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Childbearing, or the fertility of human populations, has changed profoundly in the last several centuries. Four aspects are basic for measuring and studying human fertility: age, parity (number of children ever born), length of birth interval, and population reproductivity. Additionally, there are cross-cutting issues of time perspective and of fertility dimensions. The variety of fertility measures at a given time is both a result of the data available and a precondition to expansions in data collection efforts.
Fertility measures are expressed to reflect child-bearing either in the time period in which they occur, or at the end of the (reproductive) lifetime of a cohort. Period fertility rates and analyses are cross-sectional and give a ”snapshot” of a population for a short period of time. A major advantage of period rates is that they are immediately calculable. A second is that they provide the annual contribution to population growth through fertility. Cohort fertility rates and analyses concern a group of persons with a common temporal experience, such as a birth or marriage date. They take into account the events occurring to women (or men) until the end of their reproductive years. More stable than period rates, they provide the means to evaluate long-term population evolution. The main disadvantage in calculating cohort measures is that they require, at minimum, 30 years of data.
Direct measures of fertility are classically obtained from vital registration records, which provide the numerators (births), and from censuses, projections, or continuous registration systems, which provide the population denominators. The crude birth rate (CBR) provides the number of live births per 1,000 population in a given time period. The CBR is a measure of a population’s overall growth, but it can mask — or exaggerate — fertility differences between two populations which have very different age structures. The general fertility rate (GFR) is the number of live births in a time period to women of reproductive age, usually expressed per 1,000 women aged 15 to 44 or 15 to 49. The age-specific fertility rate (ASFR) is the number of births to women of a certain age divided by the number of women in that age group (e.g., women aged 25 to 29). The total fertility rate (TFR) represents the average number of children ever born to a woman if she were to move through her reproductive years maintaining ASFRs of the current time period.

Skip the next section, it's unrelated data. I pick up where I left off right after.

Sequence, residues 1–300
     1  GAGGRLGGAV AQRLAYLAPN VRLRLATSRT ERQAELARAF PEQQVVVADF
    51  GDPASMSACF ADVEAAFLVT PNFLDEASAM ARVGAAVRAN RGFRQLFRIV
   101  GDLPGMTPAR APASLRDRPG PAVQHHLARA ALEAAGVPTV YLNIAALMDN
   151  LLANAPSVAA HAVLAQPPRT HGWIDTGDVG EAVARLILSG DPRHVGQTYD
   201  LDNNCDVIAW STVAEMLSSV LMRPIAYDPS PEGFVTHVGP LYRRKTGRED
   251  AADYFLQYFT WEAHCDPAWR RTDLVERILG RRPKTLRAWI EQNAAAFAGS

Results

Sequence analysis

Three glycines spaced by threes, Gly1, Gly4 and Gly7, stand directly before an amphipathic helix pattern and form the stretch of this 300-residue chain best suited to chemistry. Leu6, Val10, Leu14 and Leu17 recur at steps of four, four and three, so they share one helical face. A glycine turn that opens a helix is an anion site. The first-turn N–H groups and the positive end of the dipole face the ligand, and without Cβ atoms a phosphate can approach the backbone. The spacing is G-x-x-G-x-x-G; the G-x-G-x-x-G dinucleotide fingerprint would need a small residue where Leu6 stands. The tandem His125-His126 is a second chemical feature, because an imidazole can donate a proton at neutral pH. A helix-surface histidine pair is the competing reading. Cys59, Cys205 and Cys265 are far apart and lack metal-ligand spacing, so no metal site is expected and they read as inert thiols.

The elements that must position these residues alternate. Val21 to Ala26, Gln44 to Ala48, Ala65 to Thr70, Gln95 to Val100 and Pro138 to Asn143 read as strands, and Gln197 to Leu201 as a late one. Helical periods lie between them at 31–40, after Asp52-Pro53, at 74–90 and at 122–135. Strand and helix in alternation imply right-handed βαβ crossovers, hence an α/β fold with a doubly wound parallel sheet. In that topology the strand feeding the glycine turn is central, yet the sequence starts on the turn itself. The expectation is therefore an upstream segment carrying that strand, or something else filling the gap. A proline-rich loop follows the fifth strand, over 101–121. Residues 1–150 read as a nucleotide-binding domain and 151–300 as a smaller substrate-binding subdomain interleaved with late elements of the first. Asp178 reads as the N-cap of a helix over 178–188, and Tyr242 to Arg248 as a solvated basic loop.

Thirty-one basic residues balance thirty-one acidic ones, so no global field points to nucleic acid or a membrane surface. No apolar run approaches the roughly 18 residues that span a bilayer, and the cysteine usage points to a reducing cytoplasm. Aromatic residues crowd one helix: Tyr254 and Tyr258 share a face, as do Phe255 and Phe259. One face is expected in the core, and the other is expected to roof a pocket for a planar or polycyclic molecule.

From the 1960s through the 1980s, a plethora of indirect measures was generated which estimated primarily TFRs and secondarily ASFRs in developing countries. This was due to the dual conditions of data deficiency — censuses being then the primary data source — and the nationally and internationally funded family planning and development programs which needed fertility measures to track outcomes. Indirect measures are necessary when vital statistics and large surveys are not available for calculating ASFRs and TFRs — the case when only census data are available. Also, other data are often incomplete, of dubious quality (especially in reference to age), or are based on small sample size; hence indirect measures may provide better estimates than would direct measures. Similarly, indirect measures can aid in data quality evaluation.
Birth interval analysis has not been given as much attention as age-based analysis. But with the growth of large surveys containing many covariates, the study of birth intervals provides information on the dynamics of family growth, control of reproduction, health consequences for mothers and infants, as well as tempo measures for formal demographic analysis.
Particular attention to measures of population replacement, or reproductivity, came into play during the fertility nadirs experienced by Europe and North America between the world wars and in the last decade of the twentieth century. Also, the sustained high fertility rates of many parts of the ”third world” — particularly in the 1970s and 1980s — generated concern about long-run population growth. A set of measures made it possible to map where a country was in terms of replacing itself, and what that portended in the long run.
- Bogue, D., Arriaga, E., & Anderton, A. (eds.) (1993) Readings in Population Research Methodology. United Nations Population Fund, Chicago, IL.
- Siegel, J. S., Swanson, D. A. (eds.) (2004) The Methods and Materials of Demography, 2nd edn. Elsevier Academic Press, San Diego, CA.